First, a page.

106. @Cindy
    You are so right. I wish you were on a development committee for the Westside.

  107. @Devin de Gruyl,
    We just ate there last night. You can get a strip steak, potato, drink and salad bar for 26.00 for TWO!

  108. @Jennifer,
    I live in the area. Sure, there are a few shady people here and there but it is safe. Rumors like this is half the reason that the west side is dying. The west side is mostly middle income happy little families living in modest homes.

  109. @Sandy, I remember shopping for a prom dress during the spring of 1980 and the stores at Westland Mall were still outside. I also went to school with the daughter of the farmer that sold the land to the developers of Westland Mall.

  110. An interesting wright up…

    Easton vs. Polaris: Tale of two very different shopping meccas

    Mar 13, 2015, 6:00am EDT

    Dan Eaton
    Columbus Business First

    Basketball has Magic and Bird. Comics has Batman and Joker. Columbus has Easton and Polaris — twin titans of consumption locked in an eternal (well, about 14-year) struggle for the hearts, minds, stomachs and wallets of consumers that isn’t going to abate any time soon.

    That’s good for shoppers and diners — the ultimate winners in this battle — but where do the two combatants stand at this point in time? Both trade areas were conceived more than two decades ago and the respective centerpieces opened two years apart – Easton Town Center in 1999 and Polaris Fashion Place mall in 2001. Both draw national names and account for millions of dollars of retail sales.

    Polaris may have landed the biggest blow with the now official arrival of Ikea set for 2017. Paired with the 2013 opening of Cabela’s Inc. and that area can claim two of the biggest names in destination retail capable of drawing shoppers from hours away. But while Polaris has been that big-swinger seeking a knock-out punch, Easton is ever the technician, shifting, jabbing, moving.

    Who is winning? Does it matter? What retailers and restaurants are going where and why? And what might the future hold?

    The answer comes down to this: Are you looking for a place or a space?

    The place

    Here’s the argument for Easton — while Ikea and Cabela’s will draw more shoppers to Polaris, Easton is the draw in itself.

    “I like Easton because it’s not Polaris,” said Chuck Palmer, vice president of strategy for JohnRyan, a Minneapolis-based digital merchandising company. “They treat the store mix like a retailer treats merchandise — they’re constantly curating, moving, editing. They’re merchandising the street. … Easton has a personality, a strong sense of place.”

    Consider Fenlon Square, which was just a side street for years but in 2013 was converted into a hub of kid-centric shopping that reaches a crescendo in American Girl, which certain young girls hold every bit as dear as outdoorsmen hold Cabela’s or twenty-something urbanites revere Ikea.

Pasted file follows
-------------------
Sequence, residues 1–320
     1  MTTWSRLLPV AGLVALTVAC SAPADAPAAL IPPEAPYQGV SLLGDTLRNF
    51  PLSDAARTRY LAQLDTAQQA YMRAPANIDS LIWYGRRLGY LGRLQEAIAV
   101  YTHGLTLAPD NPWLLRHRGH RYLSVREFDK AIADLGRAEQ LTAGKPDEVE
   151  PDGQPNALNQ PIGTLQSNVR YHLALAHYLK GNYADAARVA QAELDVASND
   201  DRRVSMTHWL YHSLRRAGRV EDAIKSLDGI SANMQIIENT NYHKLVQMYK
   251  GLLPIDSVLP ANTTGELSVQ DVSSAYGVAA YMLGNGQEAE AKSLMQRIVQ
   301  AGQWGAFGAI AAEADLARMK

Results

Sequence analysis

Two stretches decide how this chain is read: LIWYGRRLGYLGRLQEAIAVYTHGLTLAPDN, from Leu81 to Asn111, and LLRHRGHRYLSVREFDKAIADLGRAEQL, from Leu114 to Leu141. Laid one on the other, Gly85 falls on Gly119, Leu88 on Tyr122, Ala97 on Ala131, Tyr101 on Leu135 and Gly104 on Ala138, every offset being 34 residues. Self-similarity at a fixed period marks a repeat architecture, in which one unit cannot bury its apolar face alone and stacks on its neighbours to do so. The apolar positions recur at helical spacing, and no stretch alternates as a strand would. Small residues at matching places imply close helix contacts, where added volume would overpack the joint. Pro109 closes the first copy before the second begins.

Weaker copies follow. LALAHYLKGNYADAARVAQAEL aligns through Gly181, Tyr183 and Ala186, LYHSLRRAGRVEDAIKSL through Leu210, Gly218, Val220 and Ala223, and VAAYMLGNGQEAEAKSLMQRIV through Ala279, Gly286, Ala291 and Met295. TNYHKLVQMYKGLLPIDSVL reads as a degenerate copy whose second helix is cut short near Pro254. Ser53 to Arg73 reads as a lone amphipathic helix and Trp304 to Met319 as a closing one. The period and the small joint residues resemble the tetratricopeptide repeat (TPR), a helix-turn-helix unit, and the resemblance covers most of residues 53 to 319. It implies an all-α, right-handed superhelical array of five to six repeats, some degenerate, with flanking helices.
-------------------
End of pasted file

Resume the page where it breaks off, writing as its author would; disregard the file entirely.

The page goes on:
“It’s an experience,” said Lee Peterson, executive vice president of strategy and design at Dublin-based WD Partners Inc. “It’s not a bunch of stores stacked on each other with a food court.”

    Easton is walkable, said retail analyst Chris Boring of Columbus-based Boulevard Strategies. From one parking space, there are restaurants, retailers and entertainment such as the AMC Easton Town Center 30 movie theater and Funny Bone Comedy Club. Polaris has restaurants, retail and entertainment, too, but to catch a movie, most are probably hopping in a car to drive over to Rave Motion Pictures, not walking across a parking lot.

    “Easton is a super-regional draw,” said an executive from a restaurant chain with operations in both areas. “It literally is a tourist attraction.”

    The space

    Where Polaris has an edge, it is in demographics. There is mass in southern Delaware County that isn’t surrounding Easton in residential and in office developments. The city’s largest office building, JPMorgan Chase & Co.’s McCoy Center and its 10,000 daily employees, is in the heart of the Polaris area. The retail and restaurant mix reflects that mass of humanity’s everyday needs with stores such as Kroger Co. and Big Lots Inc.

    “If you’re good at what you do, with the number of bodies up there, you’re going to do business,” said Craig Barnum, owner of Matt the Miller’s Tavern.

    He said one of the biggest benefits there is being directly off Interstate 71, versus Easton, which is along I-270.

    “270 is a highway, but it’s more local,” he said. “Off 71 you’re on that Cleveland-to-Cincinnati axis.”

    Palmer said that likely played a role in Ikea’s thinking.

    Still, the area’s retail focal point is a relic.

    “Polaris feels like Morse Road or Hamilton Road in the 1970s or ’80s,” Palmer said. “Polaris is a mall. It’s a good mall, but that’s an old model hanging on for dear life.”